There are some people who walk this earth and you know the world is better because they were among us. You are sad at their leaving but grateful they spent time there. Miriam Makeba is on such soul. Thank you Empress of Africa.


Miriam Makeba 2007

Sunday, November 9, 2008

Obama, Grant Park and History


Obama Wins The Presidency Countdown in Grant Park 11/04/2008

Well, I have to comment on election night. I don’t care what your party affiliation is, the night was history-making. However, for me it spurred memories of my hometown. The Grant Park of last week was a place I had been to many, many times. I have seen bagpipe bands march there, I have seen Taste of Chicago, concerts and Venetian Night. I remember weights being strategically placed around the park prior to John Paul IIs visit to make sure the park would not cave into the parking garage below it. However, never have I seen such excitement and such diversity at Grant Park.

It was not always easy to be a white Chicagoan in support of a black candidate in Chicago. During the first election of Harold Washington I was chased down the street because I wore a Harold Washington button. A friend of mine was beat up for wearing one. Our garbage can lids were taken away because they were a gift of the precinct and the precinct supported Jane Byrne. A lot has changed.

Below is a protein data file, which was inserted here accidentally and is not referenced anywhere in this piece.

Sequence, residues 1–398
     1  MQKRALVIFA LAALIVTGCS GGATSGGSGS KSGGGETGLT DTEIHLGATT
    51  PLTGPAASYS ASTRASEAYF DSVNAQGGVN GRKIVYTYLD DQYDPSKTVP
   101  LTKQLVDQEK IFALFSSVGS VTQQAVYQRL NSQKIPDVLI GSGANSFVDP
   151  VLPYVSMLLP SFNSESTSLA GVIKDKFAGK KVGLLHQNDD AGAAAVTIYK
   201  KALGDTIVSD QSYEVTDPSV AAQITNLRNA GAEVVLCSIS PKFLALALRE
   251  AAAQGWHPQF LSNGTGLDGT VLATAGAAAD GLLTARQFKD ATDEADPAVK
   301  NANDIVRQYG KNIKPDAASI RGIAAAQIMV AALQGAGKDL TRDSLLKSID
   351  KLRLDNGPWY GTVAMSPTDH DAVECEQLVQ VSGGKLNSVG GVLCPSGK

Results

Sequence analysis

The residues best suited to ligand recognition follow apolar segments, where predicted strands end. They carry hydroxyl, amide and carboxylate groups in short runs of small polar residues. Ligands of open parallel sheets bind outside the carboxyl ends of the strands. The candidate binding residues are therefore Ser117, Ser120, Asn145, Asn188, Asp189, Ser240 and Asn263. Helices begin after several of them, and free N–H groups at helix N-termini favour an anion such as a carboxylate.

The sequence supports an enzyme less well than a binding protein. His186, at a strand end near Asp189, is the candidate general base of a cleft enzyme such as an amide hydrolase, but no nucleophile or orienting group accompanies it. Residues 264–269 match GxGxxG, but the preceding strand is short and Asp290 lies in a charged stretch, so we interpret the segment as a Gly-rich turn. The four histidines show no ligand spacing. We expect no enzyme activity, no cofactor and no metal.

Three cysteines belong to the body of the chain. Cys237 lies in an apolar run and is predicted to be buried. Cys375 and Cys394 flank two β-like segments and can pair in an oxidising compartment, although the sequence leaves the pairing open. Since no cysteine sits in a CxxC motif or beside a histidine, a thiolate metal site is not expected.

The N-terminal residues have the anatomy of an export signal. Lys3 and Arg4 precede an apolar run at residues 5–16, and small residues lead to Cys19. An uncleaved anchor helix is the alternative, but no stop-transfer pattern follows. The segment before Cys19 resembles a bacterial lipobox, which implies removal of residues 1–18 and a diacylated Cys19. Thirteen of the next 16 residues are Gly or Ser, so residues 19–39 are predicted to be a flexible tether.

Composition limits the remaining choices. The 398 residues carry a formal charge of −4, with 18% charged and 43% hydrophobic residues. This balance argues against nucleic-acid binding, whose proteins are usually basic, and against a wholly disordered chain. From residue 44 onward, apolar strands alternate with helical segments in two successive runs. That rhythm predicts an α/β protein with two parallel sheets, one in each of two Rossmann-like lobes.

I remember the assassination of John Kennedy when I was in fourth grade. Two years later the city erupted in violence with the assassination of Martin Luther King. The city went up in flames and riots. A friend of mine who lived on North Avenue could see the flames south of her and she remembers feeling happy to see tanks and soldiers move down the street. It is indeed sad when you are happy to have an army take control of your city.

My oldest brother-in-law was married during the week of the 68 Democratic Convention. They gave their “Love Feast’ (it was the 60’s!) to the hippies staying in Lincoln Park. That convention nominated a peace candidate and Grant Park was also the focus of the world. However, that time there was a police riot. Not this week.

This week Senator McCain gave one of the most moving concessions speeches I have ever heard. This week Americans whose ancestors came from Europe and Africa and South America and Asia gathered together at the shores of Lake Michigan and listened to an American with roots from around the world give his acceptance speech. This week there was peace, change, sadness for many but there was also hope and honor. This week we showed the world what democracy is suppose to look like. This week I greatly missed my old home town and wished I had been a part of this historic event.


President-Elect Barack Obama in Chicago

Living Stones and St. John Lateran



Today was a special day at church. First of all I am always pleased when the bishop presides over the Mass. Today was the Dedication of the Basilica of St. John Lateran. I didn’t see it when I was in Rome. I had limited time to myself and the choice was the Basilica or the Sistine Chapel. It is nice to have such difficult choices! However, the pilgrims that were in Assisi and Rome this year did go to the Basilica. They loved it.

I wanted to go because this was the Rome of Francis. I wanted to go because the church is ancient, beautiful and established by Emperor Constantine.